Martin Mistrík, Eva Demečková, Eva Bojtárová, Pavol Kotouček, Jana Tóthová, Katarína Bocková, Zuzana Michalovičová, Branislav Czako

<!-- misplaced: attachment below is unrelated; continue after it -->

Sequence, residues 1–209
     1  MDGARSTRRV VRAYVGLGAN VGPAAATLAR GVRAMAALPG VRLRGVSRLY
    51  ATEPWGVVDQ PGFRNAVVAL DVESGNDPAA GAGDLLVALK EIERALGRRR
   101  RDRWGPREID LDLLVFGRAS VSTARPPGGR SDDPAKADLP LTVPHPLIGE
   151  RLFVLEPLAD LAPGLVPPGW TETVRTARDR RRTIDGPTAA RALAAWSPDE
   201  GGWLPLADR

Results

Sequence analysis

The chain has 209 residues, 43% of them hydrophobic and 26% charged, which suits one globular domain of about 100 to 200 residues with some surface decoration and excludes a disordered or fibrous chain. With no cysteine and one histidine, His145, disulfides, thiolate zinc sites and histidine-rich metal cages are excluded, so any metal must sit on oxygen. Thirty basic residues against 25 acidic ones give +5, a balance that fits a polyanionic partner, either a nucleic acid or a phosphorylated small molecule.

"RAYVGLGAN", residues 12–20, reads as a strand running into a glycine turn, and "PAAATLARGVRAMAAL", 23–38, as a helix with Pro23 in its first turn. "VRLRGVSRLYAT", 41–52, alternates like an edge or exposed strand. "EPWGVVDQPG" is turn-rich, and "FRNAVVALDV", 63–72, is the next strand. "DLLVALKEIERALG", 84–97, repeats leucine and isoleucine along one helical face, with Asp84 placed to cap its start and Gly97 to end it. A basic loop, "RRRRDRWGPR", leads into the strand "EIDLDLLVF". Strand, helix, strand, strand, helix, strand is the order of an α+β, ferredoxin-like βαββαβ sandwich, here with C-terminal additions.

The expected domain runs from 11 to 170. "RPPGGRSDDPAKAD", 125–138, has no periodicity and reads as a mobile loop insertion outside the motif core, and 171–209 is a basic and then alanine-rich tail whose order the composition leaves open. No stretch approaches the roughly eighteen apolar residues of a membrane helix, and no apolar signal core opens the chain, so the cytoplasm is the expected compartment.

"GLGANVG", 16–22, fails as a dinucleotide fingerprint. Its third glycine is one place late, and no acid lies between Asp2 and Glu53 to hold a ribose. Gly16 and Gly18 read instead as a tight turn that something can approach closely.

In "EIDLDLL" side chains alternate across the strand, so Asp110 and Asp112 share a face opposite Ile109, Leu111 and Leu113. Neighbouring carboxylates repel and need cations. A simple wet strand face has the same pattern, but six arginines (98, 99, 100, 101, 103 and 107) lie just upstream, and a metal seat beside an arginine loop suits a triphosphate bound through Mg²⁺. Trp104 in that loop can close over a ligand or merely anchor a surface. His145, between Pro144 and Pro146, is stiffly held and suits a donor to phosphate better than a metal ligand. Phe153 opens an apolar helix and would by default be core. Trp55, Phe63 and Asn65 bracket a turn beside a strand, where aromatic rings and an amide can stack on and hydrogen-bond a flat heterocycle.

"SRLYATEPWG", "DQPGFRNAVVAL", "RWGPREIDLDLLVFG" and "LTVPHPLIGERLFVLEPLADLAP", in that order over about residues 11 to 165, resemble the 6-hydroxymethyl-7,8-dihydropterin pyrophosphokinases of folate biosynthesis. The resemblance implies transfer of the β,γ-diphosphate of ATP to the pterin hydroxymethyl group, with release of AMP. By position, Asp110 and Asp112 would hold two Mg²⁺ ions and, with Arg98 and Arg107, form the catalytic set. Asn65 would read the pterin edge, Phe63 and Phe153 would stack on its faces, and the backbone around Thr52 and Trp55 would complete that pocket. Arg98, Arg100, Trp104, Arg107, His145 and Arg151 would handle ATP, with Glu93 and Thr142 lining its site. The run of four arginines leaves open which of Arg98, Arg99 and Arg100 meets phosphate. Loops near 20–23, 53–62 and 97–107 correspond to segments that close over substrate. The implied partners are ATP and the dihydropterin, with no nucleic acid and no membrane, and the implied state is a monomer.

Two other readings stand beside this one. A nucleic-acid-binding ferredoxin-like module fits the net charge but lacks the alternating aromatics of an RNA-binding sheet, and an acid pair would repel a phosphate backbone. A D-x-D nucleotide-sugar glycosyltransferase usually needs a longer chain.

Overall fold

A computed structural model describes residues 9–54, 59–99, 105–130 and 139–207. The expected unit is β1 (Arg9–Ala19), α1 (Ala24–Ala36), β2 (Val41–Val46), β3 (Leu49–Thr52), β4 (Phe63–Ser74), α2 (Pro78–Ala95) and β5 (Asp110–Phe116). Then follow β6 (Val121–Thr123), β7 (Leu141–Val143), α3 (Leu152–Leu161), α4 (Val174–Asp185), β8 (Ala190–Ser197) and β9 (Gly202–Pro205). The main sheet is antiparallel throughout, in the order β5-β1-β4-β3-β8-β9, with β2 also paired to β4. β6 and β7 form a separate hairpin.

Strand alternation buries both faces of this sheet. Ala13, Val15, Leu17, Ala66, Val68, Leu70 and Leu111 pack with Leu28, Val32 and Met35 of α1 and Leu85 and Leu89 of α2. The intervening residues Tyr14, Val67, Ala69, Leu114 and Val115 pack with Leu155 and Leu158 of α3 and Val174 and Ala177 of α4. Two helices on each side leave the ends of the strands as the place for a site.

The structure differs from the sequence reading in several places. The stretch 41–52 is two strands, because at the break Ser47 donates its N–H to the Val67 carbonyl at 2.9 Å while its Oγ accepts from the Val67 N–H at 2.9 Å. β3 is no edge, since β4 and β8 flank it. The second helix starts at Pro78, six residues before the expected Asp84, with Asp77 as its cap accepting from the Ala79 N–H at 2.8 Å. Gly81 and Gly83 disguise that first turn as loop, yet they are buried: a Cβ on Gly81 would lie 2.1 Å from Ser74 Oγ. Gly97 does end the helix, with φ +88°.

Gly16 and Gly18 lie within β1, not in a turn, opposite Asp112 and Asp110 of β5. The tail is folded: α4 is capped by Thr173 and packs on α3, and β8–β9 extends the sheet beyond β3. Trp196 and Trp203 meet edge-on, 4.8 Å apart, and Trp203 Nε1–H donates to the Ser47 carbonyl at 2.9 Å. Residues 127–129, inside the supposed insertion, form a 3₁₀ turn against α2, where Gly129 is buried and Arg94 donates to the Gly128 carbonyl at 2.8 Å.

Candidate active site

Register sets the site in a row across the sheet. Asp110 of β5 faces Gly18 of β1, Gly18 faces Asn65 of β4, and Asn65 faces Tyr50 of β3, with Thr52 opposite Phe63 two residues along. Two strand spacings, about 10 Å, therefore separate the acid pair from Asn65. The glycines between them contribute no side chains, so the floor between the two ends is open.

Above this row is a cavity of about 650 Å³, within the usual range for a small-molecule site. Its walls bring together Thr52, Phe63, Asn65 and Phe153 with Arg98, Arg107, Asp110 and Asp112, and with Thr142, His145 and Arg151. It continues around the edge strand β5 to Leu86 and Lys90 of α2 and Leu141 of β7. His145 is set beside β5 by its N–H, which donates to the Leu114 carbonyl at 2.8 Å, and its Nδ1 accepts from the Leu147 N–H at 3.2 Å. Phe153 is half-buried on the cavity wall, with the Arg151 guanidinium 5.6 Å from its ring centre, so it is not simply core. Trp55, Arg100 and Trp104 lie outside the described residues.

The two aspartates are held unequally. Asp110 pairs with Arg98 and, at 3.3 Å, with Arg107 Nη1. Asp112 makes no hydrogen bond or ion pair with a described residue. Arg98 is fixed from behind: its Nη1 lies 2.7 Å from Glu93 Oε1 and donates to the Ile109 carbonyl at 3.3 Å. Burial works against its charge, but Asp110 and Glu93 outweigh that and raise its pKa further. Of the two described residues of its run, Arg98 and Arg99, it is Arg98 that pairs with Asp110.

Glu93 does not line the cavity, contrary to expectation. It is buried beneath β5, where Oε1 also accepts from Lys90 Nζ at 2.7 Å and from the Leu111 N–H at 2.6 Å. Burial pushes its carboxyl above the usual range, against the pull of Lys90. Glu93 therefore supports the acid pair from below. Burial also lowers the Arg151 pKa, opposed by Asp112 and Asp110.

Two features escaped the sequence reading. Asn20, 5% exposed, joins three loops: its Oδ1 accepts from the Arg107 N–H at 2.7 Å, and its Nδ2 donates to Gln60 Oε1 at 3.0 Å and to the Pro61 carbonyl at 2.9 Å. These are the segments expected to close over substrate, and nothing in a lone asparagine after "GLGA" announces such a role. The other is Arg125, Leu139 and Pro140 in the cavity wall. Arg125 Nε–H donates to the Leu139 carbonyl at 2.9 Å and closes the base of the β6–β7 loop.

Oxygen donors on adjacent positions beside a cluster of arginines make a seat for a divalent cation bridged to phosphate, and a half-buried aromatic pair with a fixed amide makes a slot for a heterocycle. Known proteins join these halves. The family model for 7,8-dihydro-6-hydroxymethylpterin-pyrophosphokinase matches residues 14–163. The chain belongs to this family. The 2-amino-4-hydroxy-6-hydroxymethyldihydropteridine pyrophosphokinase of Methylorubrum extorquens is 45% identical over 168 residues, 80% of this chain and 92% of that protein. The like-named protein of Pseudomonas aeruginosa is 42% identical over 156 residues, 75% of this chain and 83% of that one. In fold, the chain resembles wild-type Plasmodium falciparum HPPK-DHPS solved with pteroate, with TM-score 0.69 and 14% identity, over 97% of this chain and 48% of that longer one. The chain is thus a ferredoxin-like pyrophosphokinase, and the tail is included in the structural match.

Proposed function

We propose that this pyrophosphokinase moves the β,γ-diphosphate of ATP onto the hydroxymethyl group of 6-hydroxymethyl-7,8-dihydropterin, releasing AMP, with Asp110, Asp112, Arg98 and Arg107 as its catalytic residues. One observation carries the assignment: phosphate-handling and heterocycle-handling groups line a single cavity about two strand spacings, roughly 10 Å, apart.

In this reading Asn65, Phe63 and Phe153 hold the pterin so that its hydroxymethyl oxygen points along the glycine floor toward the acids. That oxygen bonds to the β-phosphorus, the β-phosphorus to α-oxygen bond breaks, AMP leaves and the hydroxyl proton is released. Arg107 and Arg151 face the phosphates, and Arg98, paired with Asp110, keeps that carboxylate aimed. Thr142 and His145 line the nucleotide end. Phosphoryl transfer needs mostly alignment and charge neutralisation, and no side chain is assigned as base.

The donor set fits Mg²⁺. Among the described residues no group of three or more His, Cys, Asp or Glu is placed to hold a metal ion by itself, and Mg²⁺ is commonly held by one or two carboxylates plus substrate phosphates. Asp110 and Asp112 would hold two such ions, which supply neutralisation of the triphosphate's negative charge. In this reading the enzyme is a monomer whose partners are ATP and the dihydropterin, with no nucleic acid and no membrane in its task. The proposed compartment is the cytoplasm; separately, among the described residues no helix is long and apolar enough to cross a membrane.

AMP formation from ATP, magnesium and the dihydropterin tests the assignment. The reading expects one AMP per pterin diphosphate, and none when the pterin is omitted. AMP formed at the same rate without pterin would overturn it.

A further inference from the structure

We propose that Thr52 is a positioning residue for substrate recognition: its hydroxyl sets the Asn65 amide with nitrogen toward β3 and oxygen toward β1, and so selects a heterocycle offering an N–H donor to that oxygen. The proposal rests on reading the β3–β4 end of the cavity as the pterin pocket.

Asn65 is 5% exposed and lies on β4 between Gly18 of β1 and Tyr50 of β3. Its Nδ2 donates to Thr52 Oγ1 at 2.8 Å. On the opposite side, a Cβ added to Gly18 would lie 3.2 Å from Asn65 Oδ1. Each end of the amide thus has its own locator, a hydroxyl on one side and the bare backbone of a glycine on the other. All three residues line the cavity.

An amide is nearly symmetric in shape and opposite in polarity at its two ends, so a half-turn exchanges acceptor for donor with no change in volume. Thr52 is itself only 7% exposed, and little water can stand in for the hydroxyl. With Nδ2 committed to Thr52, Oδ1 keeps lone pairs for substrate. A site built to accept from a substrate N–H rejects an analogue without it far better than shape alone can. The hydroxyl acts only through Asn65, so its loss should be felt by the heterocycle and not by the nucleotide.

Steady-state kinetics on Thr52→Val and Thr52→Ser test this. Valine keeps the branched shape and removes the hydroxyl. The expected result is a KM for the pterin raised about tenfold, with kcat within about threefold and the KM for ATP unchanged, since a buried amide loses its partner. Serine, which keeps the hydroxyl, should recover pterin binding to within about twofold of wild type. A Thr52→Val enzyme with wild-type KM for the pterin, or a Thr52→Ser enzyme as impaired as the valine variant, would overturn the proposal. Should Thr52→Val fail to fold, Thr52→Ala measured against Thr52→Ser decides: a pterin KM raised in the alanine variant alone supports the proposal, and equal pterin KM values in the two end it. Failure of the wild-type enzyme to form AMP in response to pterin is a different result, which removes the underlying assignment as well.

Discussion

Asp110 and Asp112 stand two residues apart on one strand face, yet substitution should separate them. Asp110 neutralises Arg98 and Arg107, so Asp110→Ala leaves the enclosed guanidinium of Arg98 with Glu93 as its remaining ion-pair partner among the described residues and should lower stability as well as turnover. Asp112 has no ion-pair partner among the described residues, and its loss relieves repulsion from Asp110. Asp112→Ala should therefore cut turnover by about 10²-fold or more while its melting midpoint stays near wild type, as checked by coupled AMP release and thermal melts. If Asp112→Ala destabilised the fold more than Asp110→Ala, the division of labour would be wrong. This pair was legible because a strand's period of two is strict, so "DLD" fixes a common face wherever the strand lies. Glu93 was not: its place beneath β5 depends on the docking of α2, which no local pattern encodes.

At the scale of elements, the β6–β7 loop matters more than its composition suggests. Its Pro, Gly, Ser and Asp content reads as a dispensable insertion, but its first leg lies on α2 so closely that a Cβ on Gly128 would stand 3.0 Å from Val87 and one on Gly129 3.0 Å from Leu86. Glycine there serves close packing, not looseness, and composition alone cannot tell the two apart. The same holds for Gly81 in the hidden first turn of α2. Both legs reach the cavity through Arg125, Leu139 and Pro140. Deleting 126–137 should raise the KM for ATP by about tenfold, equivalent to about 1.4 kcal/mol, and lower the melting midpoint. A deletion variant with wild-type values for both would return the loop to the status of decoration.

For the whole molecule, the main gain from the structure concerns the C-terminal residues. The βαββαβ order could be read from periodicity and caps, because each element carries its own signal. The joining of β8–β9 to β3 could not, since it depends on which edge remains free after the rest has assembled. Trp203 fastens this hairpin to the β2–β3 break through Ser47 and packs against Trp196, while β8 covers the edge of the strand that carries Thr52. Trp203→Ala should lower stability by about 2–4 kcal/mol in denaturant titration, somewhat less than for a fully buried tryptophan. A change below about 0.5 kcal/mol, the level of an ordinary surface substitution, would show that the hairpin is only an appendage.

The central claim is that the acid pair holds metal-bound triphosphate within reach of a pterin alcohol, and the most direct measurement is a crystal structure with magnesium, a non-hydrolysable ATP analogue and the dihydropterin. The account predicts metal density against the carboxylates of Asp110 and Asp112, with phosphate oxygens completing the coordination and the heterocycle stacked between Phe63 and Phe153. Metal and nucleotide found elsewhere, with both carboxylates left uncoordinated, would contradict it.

Prolonged neutropenia (neutrophil count less than 0,5x109/l) is a major risk factor for the development of infections. The signs and symptoms of infection are often absent or muted in the presence of neutropenia, but fever remains an early, although nonspecific, sign. Nowadays is rare for acute leukemia or transplanted patients to die from infection during neutropenia. There are effective methods to anticipate, prevent, and manage infectious complications in neutropenic patients that improve outcomes. Appropriate empirical antimicrobial therapy reduces morbidity and improves febrile neutropenia outcome. Increasingly, however, it is clear that managing infections in neutropenic patients is a dynamic process with the appearance of new pathogens, the emergence of antibiotic-resistant organisms, and the improved stratification of patient’s infection risk. Therefore effective strategies in febrile neutropenia clinical management has to continue to evolve.